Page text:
adj. vain·er, vain·estIdiom:
1. Not yielding the desired outcome; fruitless: a vain attempt.
2. Lacking substance or worth: vain talk.
3. Having or showing excessive pride in one's appearance or accomplishments; conceited.
4. Archaic Foolish.
1. To no avail; without success: Our labor was in vain.
2. In an irreverent or disrespectful manner: took the Lord's name in vain.
[Middle English, from Old French, from Latin vānus, empty; see euə- in the Appendix of Indo-European roots.]
Synonyms: vain, empty, hollow, idle, otiose
These adjectives mean lacking value or substance: vain regrets; empty pleasures; hollow threats; idle dreams; otiose theoretical discussions. See Also Synonyms at futile.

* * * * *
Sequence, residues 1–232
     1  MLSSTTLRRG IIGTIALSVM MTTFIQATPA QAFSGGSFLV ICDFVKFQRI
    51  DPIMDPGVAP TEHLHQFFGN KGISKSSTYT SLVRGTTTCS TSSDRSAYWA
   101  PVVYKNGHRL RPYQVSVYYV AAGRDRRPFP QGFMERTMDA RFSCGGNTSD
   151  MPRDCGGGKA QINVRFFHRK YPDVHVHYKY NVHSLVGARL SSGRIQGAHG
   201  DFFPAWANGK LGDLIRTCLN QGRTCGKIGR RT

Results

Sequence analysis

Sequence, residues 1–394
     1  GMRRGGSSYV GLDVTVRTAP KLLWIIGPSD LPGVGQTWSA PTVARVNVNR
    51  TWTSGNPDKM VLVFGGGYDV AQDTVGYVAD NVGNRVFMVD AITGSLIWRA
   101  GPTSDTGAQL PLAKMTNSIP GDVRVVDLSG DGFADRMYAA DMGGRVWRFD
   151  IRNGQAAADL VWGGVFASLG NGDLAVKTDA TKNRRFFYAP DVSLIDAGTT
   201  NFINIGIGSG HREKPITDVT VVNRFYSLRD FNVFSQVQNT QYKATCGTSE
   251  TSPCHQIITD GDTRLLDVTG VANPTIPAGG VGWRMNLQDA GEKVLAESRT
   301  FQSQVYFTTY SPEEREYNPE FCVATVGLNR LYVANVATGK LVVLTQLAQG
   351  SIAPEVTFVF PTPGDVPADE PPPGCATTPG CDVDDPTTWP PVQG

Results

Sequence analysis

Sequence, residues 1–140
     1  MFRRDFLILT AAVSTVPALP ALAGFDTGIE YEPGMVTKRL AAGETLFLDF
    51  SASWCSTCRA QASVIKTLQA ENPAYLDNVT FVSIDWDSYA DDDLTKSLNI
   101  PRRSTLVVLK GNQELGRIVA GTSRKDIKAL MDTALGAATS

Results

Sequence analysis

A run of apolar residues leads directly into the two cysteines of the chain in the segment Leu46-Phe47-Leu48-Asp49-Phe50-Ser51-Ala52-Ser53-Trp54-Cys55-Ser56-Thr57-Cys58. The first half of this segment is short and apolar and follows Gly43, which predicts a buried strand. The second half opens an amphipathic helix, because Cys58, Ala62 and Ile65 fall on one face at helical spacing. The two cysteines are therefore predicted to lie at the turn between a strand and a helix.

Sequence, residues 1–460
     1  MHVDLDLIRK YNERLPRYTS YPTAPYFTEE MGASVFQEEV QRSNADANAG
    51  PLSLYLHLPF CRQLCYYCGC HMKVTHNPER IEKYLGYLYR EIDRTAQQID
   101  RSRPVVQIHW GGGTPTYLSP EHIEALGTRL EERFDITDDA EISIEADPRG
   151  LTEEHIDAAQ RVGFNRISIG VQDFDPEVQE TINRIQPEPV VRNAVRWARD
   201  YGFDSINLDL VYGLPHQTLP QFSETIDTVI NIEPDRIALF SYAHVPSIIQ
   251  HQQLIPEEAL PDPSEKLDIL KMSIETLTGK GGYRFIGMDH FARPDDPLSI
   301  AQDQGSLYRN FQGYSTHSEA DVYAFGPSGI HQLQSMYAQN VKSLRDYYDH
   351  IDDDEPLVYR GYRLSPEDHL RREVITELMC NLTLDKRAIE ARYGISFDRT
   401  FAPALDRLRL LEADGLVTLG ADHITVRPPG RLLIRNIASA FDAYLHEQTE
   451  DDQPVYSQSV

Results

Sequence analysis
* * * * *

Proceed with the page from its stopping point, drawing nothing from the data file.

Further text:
The American Heritage® Dictionary of the English Language, Fifth Edition copyright ©2018 by Houghton Mifflin Harcourt Publishing Company. All rights reserved.
Indo-European & Semitic Roots Appendices
Thousands of entries in the dictionary include etymologies that trace their origins back to reconstructed proto-languages. You can obtain more information about these forms in our online appendices:
The Indo-European appendix covers nearly half of the Indo-European roots that have left their mark on English words. A more complete treatment of Indo-European roots and the English words derived from them is available in our Dictionary of Indo-European Roots.